All a stallion can do is better the mare, so in percentages of probability, you need a very good mare to start with – with proven pedigree at least two or three generations. If you have that, then you are increasing the chances of your success rate – it is not guaranteed but you are giving yourself a fair chance.
Has there ever been a time when parents produced unexpected results?
Definitely! The perfect example is Liscalgot who was ridden by Dermott Lennon. They together won the Individual World Championship in Jerez de la Frontera, 2002. Liscalgot’s dam was bought by a breeder to act as a ‘lawnmower’ for his gardens. One day he decided to put her into foal, but she would not load into the lorry so they chased her down a road in Ireland to the nearest stallion who happened to be Touchdown. This combination bred one of the best horses of all time.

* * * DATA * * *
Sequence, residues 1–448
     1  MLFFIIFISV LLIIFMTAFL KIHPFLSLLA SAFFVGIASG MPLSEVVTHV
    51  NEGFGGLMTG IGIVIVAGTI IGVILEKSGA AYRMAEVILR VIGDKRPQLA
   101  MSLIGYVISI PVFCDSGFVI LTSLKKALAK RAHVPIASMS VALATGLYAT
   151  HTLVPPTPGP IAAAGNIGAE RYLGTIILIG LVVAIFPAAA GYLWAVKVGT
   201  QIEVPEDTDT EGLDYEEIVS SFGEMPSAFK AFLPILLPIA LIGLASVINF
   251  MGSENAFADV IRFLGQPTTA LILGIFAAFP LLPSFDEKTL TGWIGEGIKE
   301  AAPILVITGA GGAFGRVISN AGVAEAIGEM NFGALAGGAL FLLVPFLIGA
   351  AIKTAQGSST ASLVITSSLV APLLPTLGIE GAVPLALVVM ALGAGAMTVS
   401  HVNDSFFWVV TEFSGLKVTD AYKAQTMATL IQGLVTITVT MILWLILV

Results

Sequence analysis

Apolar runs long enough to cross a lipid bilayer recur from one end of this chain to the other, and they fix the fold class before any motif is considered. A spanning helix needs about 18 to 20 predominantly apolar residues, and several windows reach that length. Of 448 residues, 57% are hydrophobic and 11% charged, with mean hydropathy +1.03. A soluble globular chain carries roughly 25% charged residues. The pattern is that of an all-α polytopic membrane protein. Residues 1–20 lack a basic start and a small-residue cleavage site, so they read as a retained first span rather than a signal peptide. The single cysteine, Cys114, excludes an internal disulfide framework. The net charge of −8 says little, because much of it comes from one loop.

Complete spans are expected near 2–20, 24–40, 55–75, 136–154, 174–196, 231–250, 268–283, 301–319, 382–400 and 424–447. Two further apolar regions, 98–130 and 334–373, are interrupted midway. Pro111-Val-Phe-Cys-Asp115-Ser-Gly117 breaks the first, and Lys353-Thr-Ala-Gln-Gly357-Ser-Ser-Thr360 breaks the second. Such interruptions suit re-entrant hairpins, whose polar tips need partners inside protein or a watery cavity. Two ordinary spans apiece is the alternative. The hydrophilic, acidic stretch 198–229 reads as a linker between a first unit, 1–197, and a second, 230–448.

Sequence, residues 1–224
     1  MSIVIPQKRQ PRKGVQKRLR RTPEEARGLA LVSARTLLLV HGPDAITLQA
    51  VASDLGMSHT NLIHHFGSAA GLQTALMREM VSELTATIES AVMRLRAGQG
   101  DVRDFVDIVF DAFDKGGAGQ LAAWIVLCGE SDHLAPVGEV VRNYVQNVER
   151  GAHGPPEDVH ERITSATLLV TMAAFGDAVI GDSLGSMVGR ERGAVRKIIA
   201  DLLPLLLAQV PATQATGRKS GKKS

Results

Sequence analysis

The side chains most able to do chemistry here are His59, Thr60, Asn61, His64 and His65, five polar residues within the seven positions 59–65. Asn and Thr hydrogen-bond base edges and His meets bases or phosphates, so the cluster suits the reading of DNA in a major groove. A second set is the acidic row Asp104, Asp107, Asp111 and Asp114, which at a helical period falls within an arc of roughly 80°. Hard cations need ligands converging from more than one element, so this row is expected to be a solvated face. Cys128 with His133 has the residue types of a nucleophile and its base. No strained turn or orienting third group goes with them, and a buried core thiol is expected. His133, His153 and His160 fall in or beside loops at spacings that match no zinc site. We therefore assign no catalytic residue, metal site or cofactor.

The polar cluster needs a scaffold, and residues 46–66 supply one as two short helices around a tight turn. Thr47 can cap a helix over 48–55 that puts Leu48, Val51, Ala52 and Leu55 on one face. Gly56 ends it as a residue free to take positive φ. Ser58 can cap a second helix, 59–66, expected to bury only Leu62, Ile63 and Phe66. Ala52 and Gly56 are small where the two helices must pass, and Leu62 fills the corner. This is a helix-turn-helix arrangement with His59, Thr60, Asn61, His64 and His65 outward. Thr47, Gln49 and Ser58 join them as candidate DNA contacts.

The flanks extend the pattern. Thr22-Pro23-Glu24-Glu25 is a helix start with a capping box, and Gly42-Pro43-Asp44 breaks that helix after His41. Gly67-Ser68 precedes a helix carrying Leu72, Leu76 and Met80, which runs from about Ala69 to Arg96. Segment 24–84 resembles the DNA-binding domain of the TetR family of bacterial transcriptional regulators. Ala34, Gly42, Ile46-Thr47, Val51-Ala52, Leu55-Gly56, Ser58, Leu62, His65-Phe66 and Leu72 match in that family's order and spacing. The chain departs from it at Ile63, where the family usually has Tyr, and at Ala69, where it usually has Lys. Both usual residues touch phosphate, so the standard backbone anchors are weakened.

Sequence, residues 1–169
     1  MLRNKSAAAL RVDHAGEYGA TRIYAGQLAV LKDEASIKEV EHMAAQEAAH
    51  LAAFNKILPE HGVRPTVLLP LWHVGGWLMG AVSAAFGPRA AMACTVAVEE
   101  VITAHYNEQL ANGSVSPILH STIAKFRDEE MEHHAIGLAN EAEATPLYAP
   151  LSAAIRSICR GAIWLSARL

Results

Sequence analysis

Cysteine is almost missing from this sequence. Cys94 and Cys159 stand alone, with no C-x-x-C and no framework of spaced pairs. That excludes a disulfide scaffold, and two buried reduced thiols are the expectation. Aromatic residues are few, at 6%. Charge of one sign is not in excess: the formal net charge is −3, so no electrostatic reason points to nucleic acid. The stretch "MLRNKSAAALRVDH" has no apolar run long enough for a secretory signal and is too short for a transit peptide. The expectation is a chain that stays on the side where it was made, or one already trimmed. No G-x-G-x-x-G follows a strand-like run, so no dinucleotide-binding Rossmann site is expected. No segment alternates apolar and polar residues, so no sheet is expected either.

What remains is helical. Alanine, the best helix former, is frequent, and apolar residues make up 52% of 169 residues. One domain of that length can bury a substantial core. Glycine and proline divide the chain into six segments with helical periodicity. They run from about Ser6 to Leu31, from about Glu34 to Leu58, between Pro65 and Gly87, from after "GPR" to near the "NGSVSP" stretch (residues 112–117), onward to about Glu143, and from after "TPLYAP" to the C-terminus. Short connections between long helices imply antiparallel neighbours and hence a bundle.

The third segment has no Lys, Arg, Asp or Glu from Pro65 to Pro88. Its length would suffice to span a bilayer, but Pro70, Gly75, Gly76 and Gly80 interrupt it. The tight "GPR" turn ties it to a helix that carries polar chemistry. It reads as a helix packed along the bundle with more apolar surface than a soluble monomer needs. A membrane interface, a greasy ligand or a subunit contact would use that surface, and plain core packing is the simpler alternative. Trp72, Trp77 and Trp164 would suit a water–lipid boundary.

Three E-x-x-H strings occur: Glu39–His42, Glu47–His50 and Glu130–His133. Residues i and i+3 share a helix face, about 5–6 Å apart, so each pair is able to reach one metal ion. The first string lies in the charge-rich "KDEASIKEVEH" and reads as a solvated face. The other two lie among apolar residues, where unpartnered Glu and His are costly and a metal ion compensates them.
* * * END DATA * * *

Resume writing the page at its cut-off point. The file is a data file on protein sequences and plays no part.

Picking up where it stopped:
Partnership between horse and rider is incredibly important – is that something that you look for when sell to new owner?
I think it is very important, when I sold Spirit T to Jessica Mendoza a few years ago, I could instantly see the partnership was going to be successful. Her father, Paul Mendoza, took some more convincing, but I could see how well the horse and rider suited each other, and it has turned out to be an exceptional partnership.
Sometimes partnerships do not work out, but I think with enough time and a smart rider, who does not try to force issues, a partnership can develop. Many people now, do not give the horse time or a chance, they pay so much money that they expect instant results. It has never worked like that – a horse does not know how much it costs.
What is your breeding set-up like?
We have nine mares, and none of which are very old. I have learnt from the racing industry that younger mares produce better offspring, so I have taken that onboard. I try to mainly breed from good pedigree; the mares themselves must also have a good jump and confirmation. We have no mares over the age of 16, and we start to take embryos from them around eight-10 years old.
How long do you usually keep a foal for before it goes onto the next home or before you break it in?